I just read this question: What does mastering a song mean? That’s a great question, actually. Here’s the answer: nobody knows. Nobody, that is, but a small and exclusive cabal whose members are sworn to keep the sacred arts a secret until their dying days. Well that’s what it feels like to me sometimes. Interviews with members of the cabal, I mean professional audio mastering community, always seem to hint (or sometimes outright state) that mere mortals could never understand the complexities and subtleties involved in actual mastering. I say “actual” because it is also hinted that what we mortals call mastering is laughably over-simplified, likened to cave people banging flint together to make fire.
You know, now that I read the above paragraph out loud, I think it’s possible I underwent some sort of psychological trauma at the hands of a few non-representative individuals calling themselves mastering engineers several years ago. I’m led to understand that things are better now, and that they may never have been that bad even back then. OK, now that the air is cleared let’s talk about mastering a song.
In the old days before mp3 or CDs or even cassettes and 8-tracks, consumers pretty much had to rely on records to hear recorded music. Musicians would go to recording studios to record onto wide strips of magnetic tape that simply could not be played back on any consumer device (unless that consumer was someone like Les Paul…but that’s another story). So if the recording were ever to be heard by members of the public, the studio people had to have a way to make the audio go from those wide strips of tape onto a flat plastic (or rubber or shellac, depending on when we’re talking – see the wikipedia entry here) that normal people could play on their record players.
Actually, before there was magnetic tape, the recording engineers captured wound through recording “horns” which were hooked directly to a cutting stylus that would etch the disc directly. But when magnetic tape allowed the creation of a master disc (from which mass produced records were made) to occur at a time and place completely separated from the time and place of the recording, specialization began to occur. The recording studios focused on capturing the sound and separate facilities dedicated themselves to moving the audio on the non-consumer-playable tapes onto master discs, which were then used to create lots and lots of plastic discs people could play at home, and eventually in their cars, etc.
Much specialized equipment was used to optimize the audio from tapes for use on the master discs, which needed to be as fault-free as possible, since millions of records were going to made from this disc. Mastering engineers became experts at optimizing already-recorded audio such that it would sound its best when it reached consumer ears. That is why we still have mastering engineers today, and why mastering is still considered a separate process from recording and mixing.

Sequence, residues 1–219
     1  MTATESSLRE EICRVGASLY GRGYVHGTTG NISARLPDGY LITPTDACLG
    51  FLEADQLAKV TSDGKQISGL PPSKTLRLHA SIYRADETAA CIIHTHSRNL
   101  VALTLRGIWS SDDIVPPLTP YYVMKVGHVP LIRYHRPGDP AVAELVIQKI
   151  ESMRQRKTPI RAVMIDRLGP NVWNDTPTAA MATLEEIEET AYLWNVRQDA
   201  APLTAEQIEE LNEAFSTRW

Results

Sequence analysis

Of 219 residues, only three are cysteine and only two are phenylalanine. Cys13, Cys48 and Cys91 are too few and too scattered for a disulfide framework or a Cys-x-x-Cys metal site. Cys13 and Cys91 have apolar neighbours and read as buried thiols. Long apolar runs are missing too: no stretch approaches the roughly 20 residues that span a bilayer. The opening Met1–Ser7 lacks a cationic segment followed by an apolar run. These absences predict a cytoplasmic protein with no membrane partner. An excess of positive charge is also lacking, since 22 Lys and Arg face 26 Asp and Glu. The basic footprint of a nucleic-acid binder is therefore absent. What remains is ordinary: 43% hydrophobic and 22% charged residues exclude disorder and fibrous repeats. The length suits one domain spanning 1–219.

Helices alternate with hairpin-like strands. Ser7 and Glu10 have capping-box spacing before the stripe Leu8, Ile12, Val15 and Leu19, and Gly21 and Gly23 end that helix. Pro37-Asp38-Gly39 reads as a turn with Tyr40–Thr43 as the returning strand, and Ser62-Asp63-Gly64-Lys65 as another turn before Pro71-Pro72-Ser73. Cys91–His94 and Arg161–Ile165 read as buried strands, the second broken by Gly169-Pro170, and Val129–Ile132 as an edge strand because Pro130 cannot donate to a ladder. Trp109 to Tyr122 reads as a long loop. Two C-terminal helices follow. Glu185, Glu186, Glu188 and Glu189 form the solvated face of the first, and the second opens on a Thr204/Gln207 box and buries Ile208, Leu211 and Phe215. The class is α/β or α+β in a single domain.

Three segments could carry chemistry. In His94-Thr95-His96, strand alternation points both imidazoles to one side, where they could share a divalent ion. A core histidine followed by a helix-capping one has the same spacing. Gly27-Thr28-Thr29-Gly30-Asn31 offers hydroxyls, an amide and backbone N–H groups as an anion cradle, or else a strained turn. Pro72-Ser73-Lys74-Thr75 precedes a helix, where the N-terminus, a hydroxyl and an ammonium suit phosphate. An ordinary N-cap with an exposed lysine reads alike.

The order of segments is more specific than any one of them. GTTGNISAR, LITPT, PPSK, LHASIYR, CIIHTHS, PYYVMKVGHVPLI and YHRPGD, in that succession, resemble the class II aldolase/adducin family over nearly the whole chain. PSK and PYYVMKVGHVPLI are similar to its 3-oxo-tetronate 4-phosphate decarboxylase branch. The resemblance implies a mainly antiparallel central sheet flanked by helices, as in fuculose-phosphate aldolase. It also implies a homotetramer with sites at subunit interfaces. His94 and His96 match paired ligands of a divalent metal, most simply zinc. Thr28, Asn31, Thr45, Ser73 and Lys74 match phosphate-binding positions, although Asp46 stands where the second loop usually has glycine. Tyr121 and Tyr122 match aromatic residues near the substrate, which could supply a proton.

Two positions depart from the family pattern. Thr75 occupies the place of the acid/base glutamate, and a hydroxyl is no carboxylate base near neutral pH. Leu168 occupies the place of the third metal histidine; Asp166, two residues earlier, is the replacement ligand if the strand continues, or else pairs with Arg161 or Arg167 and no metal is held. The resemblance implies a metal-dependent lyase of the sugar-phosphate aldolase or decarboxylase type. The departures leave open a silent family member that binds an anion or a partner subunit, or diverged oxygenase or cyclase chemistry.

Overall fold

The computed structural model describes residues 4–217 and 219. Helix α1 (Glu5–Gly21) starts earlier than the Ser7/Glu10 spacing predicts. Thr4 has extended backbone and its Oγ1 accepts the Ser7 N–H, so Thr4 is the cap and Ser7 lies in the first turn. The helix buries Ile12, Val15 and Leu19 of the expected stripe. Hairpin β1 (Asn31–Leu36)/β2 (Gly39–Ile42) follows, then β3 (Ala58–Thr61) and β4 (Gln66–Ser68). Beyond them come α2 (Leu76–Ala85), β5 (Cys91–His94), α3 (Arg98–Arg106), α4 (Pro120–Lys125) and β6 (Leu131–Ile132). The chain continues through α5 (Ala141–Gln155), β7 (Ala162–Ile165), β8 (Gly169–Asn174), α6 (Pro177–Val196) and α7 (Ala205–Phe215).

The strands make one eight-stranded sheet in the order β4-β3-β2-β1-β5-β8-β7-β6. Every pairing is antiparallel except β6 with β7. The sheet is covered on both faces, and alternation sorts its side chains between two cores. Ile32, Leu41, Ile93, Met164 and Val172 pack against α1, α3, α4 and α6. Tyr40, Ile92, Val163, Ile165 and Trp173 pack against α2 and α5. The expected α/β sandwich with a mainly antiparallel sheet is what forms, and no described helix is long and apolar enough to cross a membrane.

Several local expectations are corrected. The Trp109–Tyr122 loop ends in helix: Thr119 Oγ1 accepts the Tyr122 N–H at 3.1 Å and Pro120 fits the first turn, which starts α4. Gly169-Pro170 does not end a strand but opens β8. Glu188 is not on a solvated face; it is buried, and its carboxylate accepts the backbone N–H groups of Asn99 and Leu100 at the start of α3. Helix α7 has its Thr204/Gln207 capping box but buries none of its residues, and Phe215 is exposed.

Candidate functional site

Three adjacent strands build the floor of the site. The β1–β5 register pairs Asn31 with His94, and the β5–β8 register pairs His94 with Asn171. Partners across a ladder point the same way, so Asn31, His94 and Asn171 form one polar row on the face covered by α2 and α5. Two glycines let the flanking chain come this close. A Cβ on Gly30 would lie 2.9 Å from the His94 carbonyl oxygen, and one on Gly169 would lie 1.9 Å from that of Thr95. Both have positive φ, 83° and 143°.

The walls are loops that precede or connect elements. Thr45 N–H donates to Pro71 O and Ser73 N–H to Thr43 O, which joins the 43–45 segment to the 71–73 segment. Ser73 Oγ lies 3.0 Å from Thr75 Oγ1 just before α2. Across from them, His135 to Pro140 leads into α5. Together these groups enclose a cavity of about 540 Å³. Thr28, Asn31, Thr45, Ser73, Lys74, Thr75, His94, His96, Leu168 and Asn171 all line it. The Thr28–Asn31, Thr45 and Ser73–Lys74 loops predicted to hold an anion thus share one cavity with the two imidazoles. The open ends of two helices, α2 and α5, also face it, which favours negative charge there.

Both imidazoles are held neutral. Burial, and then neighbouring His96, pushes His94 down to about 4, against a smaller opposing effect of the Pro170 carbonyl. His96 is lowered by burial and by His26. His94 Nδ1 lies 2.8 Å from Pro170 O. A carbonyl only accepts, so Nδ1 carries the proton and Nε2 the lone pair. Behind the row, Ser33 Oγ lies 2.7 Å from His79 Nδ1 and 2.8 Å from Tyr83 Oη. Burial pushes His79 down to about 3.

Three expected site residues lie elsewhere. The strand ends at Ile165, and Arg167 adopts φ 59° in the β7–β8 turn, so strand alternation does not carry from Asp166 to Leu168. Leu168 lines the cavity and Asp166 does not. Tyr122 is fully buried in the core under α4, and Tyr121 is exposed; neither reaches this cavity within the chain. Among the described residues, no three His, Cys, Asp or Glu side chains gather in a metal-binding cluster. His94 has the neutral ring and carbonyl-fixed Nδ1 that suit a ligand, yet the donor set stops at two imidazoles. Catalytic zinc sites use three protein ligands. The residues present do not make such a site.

Mastering engineers became experts at optimizing already-recorded audio such that it would sound its best when it reached consumer ears.
While recording and mixing is primarily concerned with capturing good tones and blending them properly, these processes are not always carried out in the most pristine of listening environments. And the ears of a mixing engineer are trained to make sure that the different sounds work and play well together. So these folks use effects like EQ, reverb, and compression, etc. to accomplish this. These engineers then send a mixed-down (see our article: What Does It Mean to Mix Down Audio?) version of the audio to a mastering house.
The mastering house has rooms that are designed to allow for totally unbiased listening, meaning that what the mastering engineer hears is as close as humanly possible to what is actually coming out of the speakers. Most regular listening spaces (especially the converted bedrooms of the intrepid home recordist) impart any number of changes to the sound so that what leaves the speakers (assuming they, themselves are reproducing what they get electronically) is not what reaches our ears.
So in addition to the finely tuned listening spaces, mastering facilities contain the best loud speakers and the best in equalization, compression and limiting tools. Armed with these tools in these rooms, engineers whose ears are as sensitive as the noses of wine connoisseur or perfume testers perform audio surgery to produce music that sounds good on as many devices in as many places as possible. They can make certain sounds or instruments be more easily heard, or do the opposite and make overbearing or undesirable frequencies less prominent. Remember, they aren’t working with a multi-track session, so they can’t just, say, turn the volume down on a bass guitar. The bass is already blended in with the kick drum, piano, voices, etc. They have to turn up or down these specific frequencies on the final mix using targeted EQ and multiple-band compression and other mastering tools.
Sometimes, when the mix engineer is good, the mastering is minor surgery. But all to often they are sent audio that requires many hours of major surgery, or even miracles sometimes, to optimize audio for consumers. Such is the life of a mastering engineer.
In the end, a fully mastered version of the audio is, as it was in the old days, ready to be mass-produced and distributed.